Donald Trump may have reached peak cognitive dissonance on Friday, after the June jobs report blew away estimates and, in the process, undercut the case for a July rate cut.
“JOBS, JOBS, JOBS!”, an elated Trump screamed into the digital void in the course of retweeting a Breitbart article a couple of hours after the numbers were public.
Shortly thereafter, the president spoke to reporters about the economy. “We have great numbers this morning”, he said, before launching into an anti-Fed diatribe. “If we had a Fed that would lower interest rates we would be like a rocket ship, but we’re paying a lot of interest and it’s unnecessary”.
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Trump is now so accustomed to encroaching on Fed independence and publicly insulting Jerome Powell that he almost seems bored with it. “We don’t have a Fed that knows what they’re doing, so it’s one of those little things”, he continued.
Yes, it’s “one of those little things”. Such are the trials and tribulations of presiding over of an early-stage autocracy. Sometimes the head of the central bank just won’t bend the knee, even after you berate him for a solid year and call him on the phone all the time. Speaking of that, the Fed’s calendar shows Trump dialed up Powell on May 20. The two chatted for five minutes between 4:42 PM and 4:47 PM, hours before Powell delivered a speech in Atlanta.
In any event, thanks to “JOBS, JOBS, JOBS”, the dollar “rose, rose, rose” to its highest since June 19. We’re right back to the president’s “dollar insanity loop”. The MAGA economy argues for a stronger greenback, which in turn waters down the effects of the tariffs. It’s now very clear that any Fed-inspired dollar weakness will not be a one-way trade and there’s rampant speculation that Trump may actually resort to formal intervention sooner or later.
Meanwhile, stocks of course snapped a five-day win streak, as the scorching-hot payrolls print essentially ruled out a 50bp cut at the end of the month. That’s a real bummer for equities. Make good news bad again!
Barclays trimmed their Fed forecast from a 50bp, front-loaded cut in July to a plain old 25bp ease. For their part, Goldman sees a 60% chance of a 25bp cut, versus just a 15% chance of a larger move.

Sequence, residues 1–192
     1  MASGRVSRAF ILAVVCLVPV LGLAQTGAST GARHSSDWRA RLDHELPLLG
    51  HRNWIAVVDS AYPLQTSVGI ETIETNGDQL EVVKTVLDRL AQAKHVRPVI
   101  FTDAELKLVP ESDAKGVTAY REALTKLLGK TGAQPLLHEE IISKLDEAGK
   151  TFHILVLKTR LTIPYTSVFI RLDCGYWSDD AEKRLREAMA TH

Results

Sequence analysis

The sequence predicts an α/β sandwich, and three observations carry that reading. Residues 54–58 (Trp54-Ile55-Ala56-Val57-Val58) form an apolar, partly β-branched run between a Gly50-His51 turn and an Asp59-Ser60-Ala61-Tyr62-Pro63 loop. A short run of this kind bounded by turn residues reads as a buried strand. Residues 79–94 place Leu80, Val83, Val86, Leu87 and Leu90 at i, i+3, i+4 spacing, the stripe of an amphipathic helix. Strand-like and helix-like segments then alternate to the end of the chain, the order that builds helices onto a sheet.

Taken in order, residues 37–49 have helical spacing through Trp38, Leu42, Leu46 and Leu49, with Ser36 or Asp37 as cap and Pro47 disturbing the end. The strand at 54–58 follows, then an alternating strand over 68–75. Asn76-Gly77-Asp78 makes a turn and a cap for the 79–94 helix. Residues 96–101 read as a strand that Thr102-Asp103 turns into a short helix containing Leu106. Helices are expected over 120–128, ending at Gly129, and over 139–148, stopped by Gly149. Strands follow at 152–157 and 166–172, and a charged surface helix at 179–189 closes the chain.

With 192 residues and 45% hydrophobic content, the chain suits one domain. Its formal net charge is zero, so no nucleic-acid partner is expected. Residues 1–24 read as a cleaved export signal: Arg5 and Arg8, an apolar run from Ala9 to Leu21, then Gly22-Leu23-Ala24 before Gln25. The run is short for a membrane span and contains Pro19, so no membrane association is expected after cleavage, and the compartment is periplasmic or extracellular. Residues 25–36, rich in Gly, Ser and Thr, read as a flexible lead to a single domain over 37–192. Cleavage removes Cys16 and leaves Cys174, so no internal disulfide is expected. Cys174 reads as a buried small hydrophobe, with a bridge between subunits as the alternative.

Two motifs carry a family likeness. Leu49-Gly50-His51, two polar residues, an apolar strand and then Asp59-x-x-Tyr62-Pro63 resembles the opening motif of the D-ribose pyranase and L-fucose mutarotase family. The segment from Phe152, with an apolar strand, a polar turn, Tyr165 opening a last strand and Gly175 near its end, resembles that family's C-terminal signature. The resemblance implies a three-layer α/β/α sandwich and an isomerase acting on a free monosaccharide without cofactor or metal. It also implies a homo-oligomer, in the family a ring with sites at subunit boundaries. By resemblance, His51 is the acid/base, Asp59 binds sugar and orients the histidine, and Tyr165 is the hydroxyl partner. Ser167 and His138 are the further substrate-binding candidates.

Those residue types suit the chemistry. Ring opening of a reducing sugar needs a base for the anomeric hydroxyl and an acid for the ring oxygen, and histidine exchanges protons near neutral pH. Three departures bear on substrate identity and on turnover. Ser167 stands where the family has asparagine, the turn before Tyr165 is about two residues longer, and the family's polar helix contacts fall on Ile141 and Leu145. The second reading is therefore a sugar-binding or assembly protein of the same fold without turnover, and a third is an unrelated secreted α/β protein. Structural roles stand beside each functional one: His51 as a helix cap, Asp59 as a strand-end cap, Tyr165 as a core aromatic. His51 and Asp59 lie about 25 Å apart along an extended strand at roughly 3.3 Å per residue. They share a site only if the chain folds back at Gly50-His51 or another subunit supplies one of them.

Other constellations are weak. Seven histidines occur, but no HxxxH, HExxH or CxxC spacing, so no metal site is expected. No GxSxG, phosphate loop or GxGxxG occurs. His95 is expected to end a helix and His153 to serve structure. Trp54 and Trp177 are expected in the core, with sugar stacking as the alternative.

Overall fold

“A 50bps cut in July is now ‘off the board’ per OIS implied and a 25bps cut in July is now actually a ~94% probability, with ‘unch’ Fed now priced as just under a 6% potential from what was 0% prior to the data release this morning”, Nomura’s Charlie McElligott wrote, a couple of hours after payrolls.
The prospect of the Fed staying on hold this month (an outcome to which Goldman assigns a 25% subjective probability) still seems unthinkable given the fear of messy unwinds tied to crowded positioning. As we saw on Friday morning, rates moves are prone to sloppiness given how one-sided the trade has been. 2-year yields surged in the aftermath of the jobs report, jumping 11bp, the biggest move since January 4.
That kind of thing can be hazardous if it gets out of hand, which underscores the notion that while 50bp may be out of the question, another “on hold” meeting may simply be untenable, lest the Fed should risk a tantrum scenario. “I think ultimately they ease because they signaled it so strongly”, JPMorgan’s Michael Feroli remarked.
That said, a full cut in July was no longer priced in for the first time since the June FOMC on Friday morning.
(Bloomberg, h/t LK)
By the time it was all said and done, though, the market was still looking for more than a full quarter-point cut at the July meeting, something BofA thinks might be optimistic. “With a much stronger than expected June jobs report it becomes much harder for the Fed to justify cutting rates”, the bank wrote Friday evening, adding that “it seems to us the market has to be prepared for a Fed meaningfully more hawkish at its July 31st meeting than the more than 25bps rate cut currently priced in”.
Suffice to say one person who is not “prepared” for a Fed that’s “meaningfully more hawkish” is the president.
Trump has never accepted the fact that boasting about the economy while simultaneously demanding Fed cuts is contradictory. His Friday comments suggest an acknowledgement of that inherent inconsistency isn’t forthcoming.
The president continued to rail against the Fed until nearly midnight. “As well as we are doing from the day after the great Election, when the Market shot right up, it could have been even better – massive additional wealth would have been created, and used very well”, Trump tweeted, at 11:24 PM. “Our most difficult problem is not our competitors, it is the Federal Reserve!”